Fire chiefs in South Yorkshire are calling on building owners to do more to stop people automatically calling 999 to release them from lifts, after revealing that crews dealt with 63 rescues last year.
South Yorkshire Fire and Rescue bosses said firefighters would always be sent to help rescue people in ‘genuine emergencies’ but stressed the emergency service is not the appropriate agency to ‘routinely release people’ trapped in lifts.
It is the responsibility of lift owners or operators to ensure suitable arrangements are made for lift maintenance work and releasing anyone trapped.
South Yorkshire’s Head of Prevention and Protection, Phil Shillito, said: “It’s another aspect of fire service work people probably aren’t aware of. But as well as being time consuming for the fire service to deal with, being trapped in a lift can be frightening and uncomfortable which is why we’re calling on building owners to take responsibility and sort the problem out.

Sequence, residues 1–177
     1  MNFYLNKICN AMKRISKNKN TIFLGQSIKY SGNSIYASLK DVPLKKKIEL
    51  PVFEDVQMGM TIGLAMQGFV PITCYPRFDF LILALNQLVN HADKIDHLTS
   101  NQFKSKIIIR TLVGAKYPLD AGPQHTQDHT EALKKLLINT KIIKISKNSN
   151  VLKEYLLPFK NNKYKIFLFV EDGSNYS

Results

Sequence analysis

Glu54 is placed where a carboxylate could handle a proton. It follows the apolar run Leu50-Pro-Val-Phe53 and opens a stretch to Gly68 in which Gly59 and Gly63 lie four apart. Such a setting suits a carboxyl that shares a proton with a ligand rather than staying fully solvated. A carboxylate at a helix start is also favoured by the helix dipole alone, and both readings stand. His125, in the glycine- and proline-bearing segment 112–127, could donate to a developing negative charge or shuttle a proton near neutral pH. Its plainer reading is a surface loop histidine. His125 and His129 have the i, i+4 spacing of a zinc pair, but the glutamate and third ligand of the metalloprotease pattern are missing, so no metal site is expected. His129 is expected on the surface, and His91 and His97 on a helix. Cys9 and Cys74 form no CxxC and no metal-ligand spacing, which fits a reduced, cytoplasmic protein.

“Firefighters will always attend a call out where it is a real emergency but in many of these cases it should be up to the person in charge of the building whose lift has broken down, to fix the problem.
“Suitable arrangements for the routine release of people shut in lifts include providing a lift release service through a lift engineering or similar company and training staff to release people who are shut in a lift.
“Building owners or lift operators should ensure there are suitable communications in their lifts so that a person shut in can raise the alarm and be reassured that help is on its way.
“Information should be distributed to lift users so that they are aware of the correct procedure to follow if they are shut in a lift.”
Lift releases make up more than 1,400 ‘special service’ incidents South Yorkshire Fire and Rescue crew attends each year, including freeing people from road traffic collisions.